Are lower oil prices good news? Not really, if it means the world is sinking into recession.
We know from recent past experience and from common sense that higher oil prices are a drag on oil importing economies, since if more $$$ are spent on the same amount of oil, there is less to spend on discretionary goods and services. In addition, oil money sent to oil exporting countries is likely to be spent within those economies, rather than being reinvested in the oil importing country that the funds came from.
A rough calculation based on 2012 BP Statistical Review data indicates that the combination of the EU-27, the United States, and Japan spent a little over $1 trillion dollars in oil imports in 2011–roughly the same amount as in 2008. Governments have been running up huge deficits and have been keeping interest rates very low to cover up this damage, but it is hard to make this strategy work. The deficit soon becomes unmanageable, as the PIIGS (Portugal, Italy, Ireland, Greece, and Spain) countries in Europe have recently been recently been discovering. The US government is facing automatic spending cuts, as of January 2, 2013, because of its continuing deficits.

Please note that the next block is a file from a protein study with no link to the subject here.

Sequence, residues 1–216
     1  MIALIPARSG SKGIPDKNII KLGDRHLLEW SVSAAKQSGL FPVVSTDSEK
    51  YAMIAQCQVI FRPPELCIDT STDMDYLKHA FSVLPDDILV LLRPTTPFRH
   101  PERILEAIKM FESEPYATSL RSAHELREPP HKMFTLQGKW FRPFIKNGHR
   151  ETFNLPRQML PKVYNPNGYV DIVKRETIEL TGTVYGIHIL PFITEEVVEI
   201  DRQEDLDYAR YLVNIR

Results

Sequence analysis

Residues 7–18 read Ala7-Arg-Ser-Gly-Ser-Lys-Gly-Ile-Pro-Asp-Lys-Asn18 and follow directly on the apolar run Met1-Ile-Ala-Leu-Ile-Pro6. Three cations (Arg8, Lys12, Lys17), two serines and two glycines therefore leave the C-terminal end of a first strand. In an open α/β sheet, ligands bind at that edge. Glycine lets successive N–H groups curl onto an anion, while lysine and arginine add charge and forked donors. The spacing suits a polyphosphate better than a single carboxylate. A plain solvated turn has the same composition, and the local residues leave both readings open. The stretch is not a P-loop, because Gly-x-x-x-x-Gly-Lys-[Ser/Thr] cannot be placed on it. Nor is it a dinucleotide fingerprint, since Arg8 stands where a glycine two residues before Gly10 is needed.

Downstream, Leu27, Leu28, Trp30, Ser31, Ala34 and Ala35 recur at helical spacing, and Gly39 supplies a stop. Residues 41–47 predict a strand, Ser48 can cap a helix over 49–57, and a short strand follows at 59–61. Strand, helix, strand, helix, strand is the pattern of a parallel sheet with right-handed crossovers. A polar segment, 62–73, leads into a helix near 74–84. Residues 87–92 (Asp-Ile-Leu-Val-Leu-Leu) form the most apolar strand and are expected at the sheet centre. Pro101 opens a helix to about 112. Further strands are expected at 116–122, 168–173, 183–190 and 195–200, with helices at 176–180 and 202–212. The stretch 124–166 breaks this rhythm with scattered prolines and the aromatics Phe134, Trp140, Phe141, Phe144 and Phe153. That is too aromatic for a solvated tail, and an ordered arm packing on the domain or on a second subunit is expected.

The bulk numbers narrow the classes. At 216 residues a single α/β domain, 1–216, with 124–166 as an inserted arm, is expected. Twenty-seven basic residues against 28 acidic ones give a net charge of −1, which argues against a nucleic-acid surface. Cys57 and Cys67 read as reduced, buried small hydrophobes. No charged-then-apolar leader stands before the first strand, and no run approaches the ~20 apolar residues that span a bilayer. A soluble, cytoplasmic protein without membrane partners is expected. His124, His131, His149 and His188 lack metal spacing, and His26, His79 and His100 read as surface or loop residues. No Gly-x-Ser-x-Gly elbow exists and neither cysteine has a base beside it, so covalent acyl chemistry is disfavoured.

Furthermore, lower interest rates aren’t entirely beneficial. With low interest rates, pension funds need much larger employer contributions, if they are to make good on their promises. Retirees who depend on interest income to supplement their Social Security checks find themselves with less income. The lower interest rates don’t necessarily have a huge stimulatory impact on the economy, either, if buyers don’t have sufficient discretionary income to buy the additional services that new investment might provide.
Below the fold, we will discuss what is really happening with oil prices, and consider reasons why lower oil prices may be a signal that the world is again headed for deep recession. Continue reading